Cop's mental health should've been aired at shooting trial, judge says

BY Rebecca Everett | For


CAMDEN – Appellate judges granted a new civil trial against a Camden police officer who shot a man in the torso in 2009, ruling that jurors should have been told he had mental health issues.


The three judges of the appellate division of the New Jersey Superior Court said in their decision Wednesday that the jury also could have been biased against the shooting victim, Leonides Velazquez, because an assistant prosecutor testified that then-officer Alexis Ramos was not charged in the shooting.


Velazquez filed a civil rights suit against Ramos after the Camden city officer shot him twice on Jan. 2, 2009 in front of his home during a verbal argument involving multiple people.


The jury found no civil rights violation, but Wednesday's decision grants a new trial on the basis that the trial judge made two incorrect decisions.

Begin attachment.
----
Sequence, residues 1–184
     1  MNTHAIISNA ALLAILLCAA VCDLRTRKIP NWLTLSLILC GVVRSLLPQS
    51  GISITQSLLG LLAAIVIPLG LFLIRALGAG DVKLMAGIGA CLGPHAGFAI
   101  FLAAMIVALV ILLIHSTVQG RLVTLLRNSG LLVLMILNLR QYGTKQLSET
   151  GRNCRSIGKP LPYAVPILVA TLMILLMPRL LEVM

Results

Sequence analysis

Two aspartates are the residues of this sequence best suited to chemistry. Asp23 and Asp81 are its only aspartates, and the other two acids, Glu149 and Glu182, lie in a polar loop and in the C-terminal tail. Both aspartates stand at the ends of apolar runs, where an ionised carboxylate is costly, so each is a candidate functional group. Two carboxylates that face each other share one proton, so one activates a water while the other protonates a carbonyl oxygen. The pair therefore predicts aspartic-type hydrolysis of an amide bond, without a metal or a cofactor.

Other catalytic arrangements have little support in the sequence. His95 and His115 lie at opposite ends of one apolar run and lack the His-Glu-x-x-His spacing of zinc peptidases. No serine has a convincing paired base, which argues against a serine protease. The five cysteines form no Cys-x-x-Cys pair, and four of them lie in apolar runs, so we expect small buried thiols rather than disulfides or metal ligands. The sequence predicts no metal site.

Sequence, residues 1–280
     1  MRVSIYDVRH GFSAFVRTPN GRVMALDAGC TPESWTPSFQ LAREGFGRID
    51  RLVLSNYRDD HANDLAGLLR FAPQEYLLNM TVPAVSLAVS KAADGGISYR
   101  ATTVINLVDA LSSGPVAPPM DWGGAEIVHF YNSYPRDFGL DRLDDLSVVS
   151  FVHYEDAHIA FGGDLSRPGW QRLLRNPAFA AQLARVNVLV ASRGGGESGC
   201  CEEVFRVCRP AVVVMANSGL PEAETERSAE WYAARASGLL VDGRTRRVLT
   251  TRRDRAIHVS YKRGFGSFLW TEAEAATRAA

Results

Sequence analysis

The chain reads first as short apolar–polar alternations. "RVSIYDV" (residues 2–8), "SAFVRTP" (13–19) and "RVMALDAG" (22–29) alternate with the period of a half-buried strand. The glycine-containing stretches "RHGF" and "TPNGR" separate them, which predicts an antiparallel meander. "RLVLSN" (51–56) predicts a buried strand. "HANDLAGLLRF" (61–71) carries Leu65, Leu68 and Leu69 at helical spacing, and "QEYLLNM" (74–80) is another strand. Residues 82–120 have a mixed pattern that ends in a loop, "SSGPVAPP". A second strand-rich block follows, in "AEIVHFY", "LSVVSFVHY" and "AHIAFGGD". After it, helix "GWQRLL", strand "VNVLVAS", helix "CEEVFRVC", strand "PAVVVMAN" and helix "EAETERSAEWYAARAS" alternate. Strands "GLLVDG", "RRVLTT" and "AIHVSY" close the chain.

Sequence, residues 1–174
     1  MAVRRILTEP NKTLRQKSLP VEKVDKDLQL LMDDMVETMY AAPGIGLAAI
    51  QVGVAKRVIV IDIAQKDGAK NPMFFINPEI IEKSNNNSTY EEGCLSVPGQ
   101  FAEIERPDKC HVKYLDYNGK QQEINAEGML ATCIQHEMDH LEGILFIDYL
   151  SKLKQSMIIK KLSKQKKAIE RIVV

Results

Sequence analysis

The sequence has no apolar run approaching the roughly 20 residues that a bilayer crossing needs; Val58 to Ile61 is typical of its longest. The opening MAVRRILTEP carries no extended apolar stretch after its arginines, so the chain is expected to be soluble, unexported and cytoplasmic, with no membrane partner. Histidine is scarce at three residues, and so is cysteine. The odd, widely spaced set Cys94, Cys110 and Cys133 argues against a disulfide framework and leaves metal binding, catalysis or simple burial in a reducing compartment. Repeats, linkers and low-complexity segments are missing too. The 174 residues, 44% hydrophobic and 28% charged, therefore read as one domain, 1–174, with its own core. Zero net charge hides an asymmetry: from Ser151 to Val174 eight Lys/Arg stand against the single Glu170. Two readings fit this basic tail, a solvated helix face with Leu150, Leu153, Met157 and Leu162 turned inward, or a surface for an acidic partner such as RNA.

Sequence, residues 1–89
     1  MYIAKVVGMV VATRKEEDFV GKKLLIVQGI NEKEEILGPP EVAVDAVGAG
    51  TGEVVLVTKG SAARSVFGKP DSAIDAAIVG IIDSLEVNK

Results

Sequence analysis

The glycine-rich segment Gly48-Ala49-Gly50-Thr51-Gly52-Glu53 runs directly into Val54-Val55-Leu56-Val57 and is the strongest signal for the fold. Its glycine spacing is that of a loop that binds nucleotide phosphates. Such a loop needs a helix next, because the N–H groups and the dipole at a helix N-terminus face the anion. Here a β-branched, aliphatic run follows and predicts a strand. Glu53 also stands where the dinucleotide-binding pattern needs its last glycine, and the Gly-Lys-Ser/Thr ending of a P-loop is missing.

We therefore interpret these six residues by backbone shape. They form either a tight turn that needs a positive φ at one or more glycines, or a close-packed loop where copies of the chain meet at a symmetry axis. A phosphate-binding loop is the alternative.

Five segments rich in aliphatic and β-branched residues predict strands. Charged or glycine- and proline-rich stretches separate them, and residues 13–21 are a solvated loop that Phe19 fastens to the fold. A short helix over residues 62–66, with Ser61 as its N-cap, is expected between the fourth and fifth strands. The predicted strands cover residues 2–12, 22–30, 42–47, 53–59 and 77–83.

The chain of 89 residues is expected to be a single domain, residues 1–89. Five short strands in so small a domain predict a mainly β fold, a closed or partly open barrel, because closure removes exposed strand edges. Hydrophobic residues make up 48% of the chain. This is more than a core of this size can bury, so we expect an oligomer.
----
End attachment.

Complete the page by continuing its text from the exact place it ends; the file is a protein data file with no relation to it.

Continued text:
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An appeals court on Tuesday revived a Camden man's lawsuit alleging a civil-rights violation by a Camden City police officer.
Photo: Courier-Post file

September 14, 2016

New trial ordered in Camden police-shooting case

BY Jim Walsh


CAMDEN - A state appeals court Wednesday revived a civil-rights lawsuit on behalf of a city man shot by a police officer.


A jury that previously ruled against shooting victim Leonides Velazquez was told too much – and too little – about a late-night incident in January 2009, a three-judge panel said.